From NBC's Ali Weinberg
A forum featuring some appointees to President Obama's bipartisan deficit-reducing commission resulted in two major points of consensus: current spending levels will eventually lead to another fiscal crisis, and ideological differences, combined with lack of political will, may prevent the commission from producing concrete recommendations on how to reduce the nation's record deficit.
Kicking off the half-day Peter G. Peterson Foundation fiscal summit, the co-chairs of the Commission on Fiscal Responsibility and Reform, Erskine Bowles, a Democrat, and Alan Simpson, a former Republican senator, said that while political differences may bar the commission from hammering out individual suggestions, its baseline goal should be to raise awareness of an impending crisis with a public still reeling from the effects of the 2008 implosion.
"Progress is educating the American people and getting a push on elected officials to face up to these problems," Bowles said. "We have to convince the American people that this problem is real," he added.
Simpson reiterated President Obama's assertion that everything is on the table when it comes to deficit-reduction strategies, even a concept like the value added tax, political kryptonite to Republicans.
"VAT tax, what the hell," Simpson said, explaining that the measure, which adds market value to a product at each stage of its manufacture, would have to be accompanied by some reductions to income taxes to ease the burden on consumers faced with a tarrif on once-untaxed items. "It's not like they're slapping it on top of the income tax," he added.
Bowles' and Simpson's predictions of partisan gridlock later played themselves out during a panel discussion featuring widely divergent viewpoints on responsible deficit-reduction strategies.
Rep. Paul Ryan (R-WI), also on the debt commission, warned that unsustainable levels of Social Security and Medicare payouts, compounded by high levels of spending on government programs, would "sink" the American economy.
"There is a huge, massive structural problem," Ryan said. "Excessive spending and more borrowing is driving the deficits." He added that President Obama's tax increases on high-income individuals and businesses making over $250,000 a year would stifle overall economic growth.
"The Fed's going to be raising interest rates and tightening up the money supply," he warned.
More liberal members of the panel, however, advocated continued government spending policies geared towards an incremental goal of job creation before turning toward long-term systemic reforms.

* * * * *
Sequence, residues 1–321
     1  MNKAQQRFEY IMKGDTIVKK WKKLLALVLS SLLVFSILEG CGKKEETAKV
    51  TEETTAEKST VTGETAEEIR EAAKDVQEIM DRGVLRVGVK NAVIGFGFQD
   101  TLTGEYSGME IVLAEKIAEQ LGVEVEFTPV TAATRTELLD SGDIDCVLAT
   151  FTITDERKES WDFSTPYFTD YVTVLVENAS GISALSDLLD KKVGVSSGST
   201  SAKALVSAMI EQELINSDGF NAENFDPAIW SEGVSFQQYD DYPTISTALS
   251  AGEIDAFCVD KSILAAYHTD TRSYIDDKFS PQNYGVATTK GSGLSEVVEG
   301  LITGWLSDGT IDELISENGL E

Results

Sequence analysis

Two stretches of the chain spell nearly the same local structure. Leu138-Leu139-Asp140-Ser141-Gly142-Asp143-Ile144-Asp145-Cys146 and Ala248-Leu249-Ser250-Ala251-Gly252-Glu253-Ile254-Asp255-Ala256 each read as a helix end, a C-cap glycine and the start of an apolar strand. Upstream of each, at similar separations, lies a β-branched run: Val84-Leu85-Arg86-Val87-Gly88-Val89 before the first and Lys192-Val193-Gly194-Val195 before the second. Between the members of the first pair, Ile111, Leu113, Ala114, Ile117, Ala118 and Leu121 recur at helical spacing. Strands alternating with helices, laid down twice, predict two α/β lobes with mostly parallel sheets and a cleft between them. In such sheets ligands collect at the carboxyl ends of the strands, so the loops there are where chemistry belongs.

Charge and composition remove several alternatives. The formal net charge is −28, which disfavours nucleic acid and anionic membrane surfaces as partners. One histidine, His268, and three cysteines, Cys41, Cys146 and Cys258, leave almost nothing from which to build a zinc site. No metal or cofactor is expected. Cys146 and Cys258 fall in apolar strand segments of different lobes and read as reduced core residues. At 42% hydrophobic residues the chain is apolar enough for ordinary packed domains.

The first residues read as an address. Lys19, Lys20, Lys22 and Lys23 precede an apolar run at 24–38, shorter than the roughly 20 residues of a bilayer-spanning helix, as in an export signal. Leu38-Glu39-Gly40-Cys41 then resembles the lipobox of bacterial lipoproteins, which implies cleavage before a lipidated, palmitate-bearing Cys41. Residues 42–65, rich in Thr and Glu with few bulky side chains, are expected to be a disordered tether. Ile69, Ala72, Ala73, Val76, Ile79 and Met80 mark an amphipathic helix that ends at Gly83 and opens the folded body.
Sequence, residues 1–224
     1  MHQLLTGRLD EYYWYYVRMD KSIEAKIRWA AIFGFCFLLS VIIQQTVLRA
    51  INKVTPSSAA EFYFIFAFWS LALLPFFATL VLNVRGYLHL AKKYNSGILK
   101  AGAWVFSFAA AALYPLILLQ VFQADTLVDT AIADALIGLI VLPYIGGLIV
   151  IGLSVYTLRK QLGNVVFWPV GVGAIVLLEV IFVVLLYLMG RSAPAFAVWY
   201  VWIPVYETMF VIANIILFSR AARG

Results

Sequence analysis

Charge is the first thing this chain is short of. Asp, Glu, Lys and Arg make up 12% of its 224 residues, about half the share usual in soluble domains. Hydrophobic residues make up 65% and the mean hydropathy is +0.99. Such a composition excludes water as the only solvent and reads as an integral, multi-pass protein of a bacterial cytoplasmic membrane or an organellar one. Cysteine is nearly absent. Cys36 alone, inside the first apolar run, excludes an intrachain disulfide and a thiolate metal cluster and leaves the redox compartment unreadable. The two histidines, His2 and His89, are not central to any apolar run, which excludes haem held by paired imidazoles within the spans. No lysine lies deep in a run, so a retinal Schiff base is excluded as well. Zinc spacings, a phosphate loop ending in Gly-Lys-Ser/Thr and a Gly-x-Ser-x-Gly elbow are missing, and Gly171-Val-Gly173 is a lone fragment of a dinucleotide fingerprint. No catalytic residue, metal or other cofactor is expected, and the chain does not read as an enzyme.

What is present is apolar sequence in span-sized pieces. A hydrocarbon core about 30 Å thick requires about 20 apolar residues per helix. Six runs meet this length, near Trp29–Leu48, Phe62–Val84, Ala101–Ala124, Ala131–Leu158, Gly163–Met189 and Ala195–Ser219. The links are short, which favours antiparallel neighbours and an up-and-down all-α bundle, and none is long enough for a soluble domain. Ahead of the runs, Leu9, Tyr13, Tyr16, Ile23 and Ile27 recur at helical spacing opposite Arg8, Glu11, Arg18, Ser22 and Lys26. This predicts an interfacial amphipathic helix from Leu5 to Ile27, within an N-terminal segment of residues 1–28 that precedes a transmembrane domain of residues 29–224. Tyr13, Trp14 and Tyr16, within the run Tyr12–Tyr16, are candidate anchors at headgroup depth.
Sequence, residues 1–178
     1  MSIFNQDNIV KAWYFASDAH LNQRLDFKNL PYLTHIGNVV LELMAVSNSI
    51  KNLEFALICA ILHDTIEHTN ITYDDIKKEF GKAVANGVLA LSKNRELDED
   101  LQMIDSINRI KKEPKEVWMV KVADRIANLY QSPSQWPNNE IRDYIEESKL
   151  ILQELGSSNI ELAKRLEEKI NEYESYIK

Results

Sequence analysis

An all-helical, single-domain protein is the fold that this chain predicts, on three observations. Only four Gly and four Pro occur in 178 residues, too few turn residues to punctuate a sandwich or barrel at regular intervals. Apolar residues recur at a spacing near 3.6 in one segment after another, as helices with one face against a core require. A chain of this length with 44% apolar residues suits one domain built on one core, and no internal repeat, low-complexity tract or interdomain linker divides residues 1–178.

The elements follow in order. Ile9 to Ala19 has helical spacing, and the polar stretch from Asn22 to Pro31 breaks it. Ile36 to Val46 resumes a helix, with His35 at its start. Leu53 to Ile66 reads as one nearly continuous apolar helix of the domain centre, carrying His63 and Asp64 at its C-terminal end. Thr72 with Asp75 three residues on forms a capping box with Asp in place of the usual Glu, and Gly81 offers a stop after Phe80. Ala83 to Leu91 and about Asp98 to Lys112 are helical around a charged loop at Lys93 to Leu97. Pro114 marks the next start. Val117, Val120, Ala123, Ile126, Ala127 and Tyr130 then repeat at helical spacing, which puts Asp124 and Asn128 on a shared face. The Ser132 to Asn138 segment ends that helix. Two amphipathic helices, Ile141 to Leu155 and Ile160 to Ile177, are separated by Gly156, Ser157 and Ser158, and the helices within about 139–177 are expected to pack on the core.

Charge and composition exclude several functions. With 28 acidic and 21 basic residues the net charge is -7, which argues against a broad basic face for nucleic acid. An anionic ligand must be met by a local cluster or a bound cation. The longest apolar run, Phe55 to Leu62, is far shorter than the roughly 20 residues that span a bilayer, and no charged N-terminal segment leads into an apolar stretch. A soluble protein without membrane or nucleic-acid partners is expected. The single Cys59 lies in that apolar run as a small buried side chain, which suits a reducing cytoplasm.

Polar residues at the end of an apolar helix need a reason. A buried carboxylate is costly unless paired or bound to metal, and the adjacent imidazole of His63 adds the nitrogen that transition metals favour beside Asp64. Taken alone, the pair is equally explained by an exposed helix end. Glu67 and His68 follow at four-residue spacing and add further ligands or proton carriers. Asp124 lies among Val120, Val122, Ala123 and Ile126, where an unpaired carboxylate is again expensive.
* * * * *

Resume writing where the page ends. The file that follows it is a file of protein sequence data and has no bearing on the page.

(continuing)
"The first step towards deficit reduction is generating jobs, which may drive the deficit in the short term," Economic Policy Institute president Lawrence Mishel said. He added that the Social Security shortfall is "the least of our problems."
Alice Rivlin, also on the debt commission and the first director of the Congressional Budget Office, struck a conciliatory tone, saying that while there was "too much talk about Social Security," raising the retirement age in the future would prove that Washington is "grown up enough to do something about" the program, which most economists agree is dangerously close to reaching insolvency.
Bob Greenstein, the founder and executive director of the Center on Budget and Policy Priorities, had a recommendation for members of both parties on the debt commission: don't aim for major policy changes.
"It's difficult to get 14 of 18 members to agree," he said. "I would actually recommend not that we give up, but that we don't set expectations too high because one thing we don't need is another storyline of another failure," he added.
During the summit's conclusion, former Federal Reserve Chairman Alan Greenspan also advised the commission to keep the president and Congressional leaders of informed of its progress, and not attempt to be immune to political sensitivities.
"There is no such thing as an independent commission that doesn't link itself up in real time to the political mechanism," Greenspan said.
"I would very much suggest to these veteran co-heads, who know more about this issue than I could ever know, that they make certain as they go forward that the President's on board and senior people in the Republican congress are shaking their heads in agreement," Greenspan said. "If that does not happen, the commission will write a very interesting report and everyone may read it, and it goes on the shelf for posterity."